Heartworm Extraction Video

It’s taken me a while to track this down.  I’m sharing a video today that’s kind of gross.  It’s a stern message about why heartworm prevention is so important.

The dog in this video has so many heartworms that the veterinarian seeing him has decided to remove them surgically.  Remember that adult heartworms live in the right side of the heart.  The upper right chamber is the atrium.  The jugular veins and vena cava connect to this chamber to return blood to the heart from the rest of the body.  This dog has a literal tangled ball of worms in the atrium, some in the ventricle, and undoubtedly some in the vessels that then go to the lungs.  Without some form of treatment, my guess is that this dog would probably die of his infection.

The video depicts the vet using a very long pair of forceps (alligator forceps) to reach down through the jugular vein and pull the heartworms out.  There’s a fair amount of blood, but there’s not a ton of anatomy to see.  The patient is covered in a big drape.  The patient has a good recovery (included in the video), so there’s a happy ending here.

In keeping with my “Do” philosophy, please DO keep your dog on heartworm prevention YEAR-ROUND.  If you’ve not given it through the winter, get a heartworm test done and get the prevention started ASAP.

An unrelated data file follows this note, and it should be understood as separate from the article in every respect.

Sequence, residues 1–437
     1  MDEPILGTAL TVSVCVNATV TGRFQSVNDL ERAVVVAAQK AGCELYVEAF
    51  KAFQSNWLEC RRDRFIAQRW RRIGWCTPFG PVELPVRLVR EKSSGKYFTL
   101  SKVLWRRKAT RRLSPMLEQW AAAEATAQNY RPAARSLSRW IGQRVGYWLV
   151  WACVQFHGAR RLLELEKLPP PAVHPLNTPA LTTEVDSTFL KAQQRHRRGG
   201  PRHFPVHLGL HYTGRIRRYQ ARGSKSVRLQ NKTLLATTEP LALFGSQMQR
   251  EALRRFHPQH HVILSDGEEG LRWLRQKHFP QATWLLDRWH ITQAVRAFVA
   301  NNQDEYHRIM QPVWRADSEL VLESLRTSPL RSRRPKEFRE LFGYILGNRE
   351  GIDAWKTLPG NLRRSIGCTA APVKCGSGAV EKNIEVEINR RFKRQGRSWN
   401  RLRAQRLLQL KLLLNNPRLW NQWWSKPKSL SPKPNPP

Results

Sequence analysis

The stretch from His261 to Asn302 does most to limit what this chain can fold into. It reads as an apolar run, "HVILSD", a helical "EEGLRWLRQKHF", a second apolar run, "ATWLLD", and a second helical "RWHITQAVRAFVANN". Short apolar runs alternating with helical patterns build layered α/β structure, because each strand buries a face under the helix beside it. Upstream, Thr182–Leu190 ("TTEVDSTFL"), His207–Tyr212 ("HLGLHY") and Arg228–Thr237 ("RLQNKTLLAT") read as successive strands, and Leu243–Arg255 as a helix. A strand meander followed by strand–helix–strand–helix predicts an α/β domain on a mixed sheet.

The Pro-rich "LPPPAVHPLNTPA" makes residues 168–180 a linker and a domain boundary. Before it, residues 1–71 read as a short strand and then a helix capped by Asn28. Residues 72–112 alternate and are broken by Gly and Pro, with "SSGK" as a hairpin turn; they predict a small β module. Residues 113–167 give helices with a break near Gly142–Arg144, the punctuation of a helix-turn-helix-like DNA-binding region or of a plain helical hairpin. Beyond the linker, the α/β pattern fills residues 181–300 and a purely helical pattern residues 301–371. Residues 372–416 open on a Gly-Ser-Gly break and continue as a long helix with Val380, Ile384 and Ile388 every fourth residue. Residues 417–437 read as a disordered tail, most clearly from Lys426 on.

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4 Comments

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4 responses to “Heartworm Extraction Video

  1. That was fascinating! I’m curious about how the vet knew when he’d gotten the very last heartworm out. Did an ultrasound give the all clear? Did he fail to extract any more with the forceps? How did he know when he was done?

    I’m so glad this dog has a happy ending! Every pet owner should see this video. It really brings the message home.

  2. These are good questions!

    I believe that the ultrasound would show whether there were any worms left, yes. On the outside chance that a few were left behind, the dog could be treated in the traditional way (the injections of melarsomine), or the few remaining worms could be allowed to die on their own over 2-5 years. Giving the monthly heartworm preventions that contain ivermectin will slowly kill adult worms over 2 years, too. My guess is that after several empty tries with the forceps, they closed up and called it ‘done.’ Ultrasound or a heartworm test in 6 months would have been the ways to make sure all was truly finished.

  3. Valerie Lewis

    Thank you, absolutely fascinating video. I didn’t know heartworms could be removed surgically. Wonderful ending, reminded me of Clover.
    Val

  4. I don’t think this is a particularly common procedure, but it made all the difference for this dog. 🙂 Thanks for reading!

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